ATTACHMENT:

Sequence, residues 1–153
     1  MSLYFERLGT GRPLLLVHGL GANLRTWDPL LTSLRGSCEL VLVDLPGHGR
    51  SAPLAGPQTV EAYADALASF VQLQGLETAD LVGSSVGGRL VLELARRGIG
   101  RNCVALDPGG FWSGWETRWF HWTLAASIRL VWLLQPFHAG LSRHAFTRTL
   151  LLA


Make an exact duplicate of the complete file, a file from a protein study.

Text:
Sequence, residues 1–153
     1  MSLYFERLGT GRPLLLVHGL GANLRTWDPL LTSLRGSCEL VLVDLPGHGR
    51  SAPLAGPQTV EAYADALASF VQLQGLETAD LVGSSVGGRL VLELARRGIG
   101  RNCVALDPGG FWSGWETRWF HWTLAASIRL VWLLQPFHAG LSRHAFTRTL
   151  LLA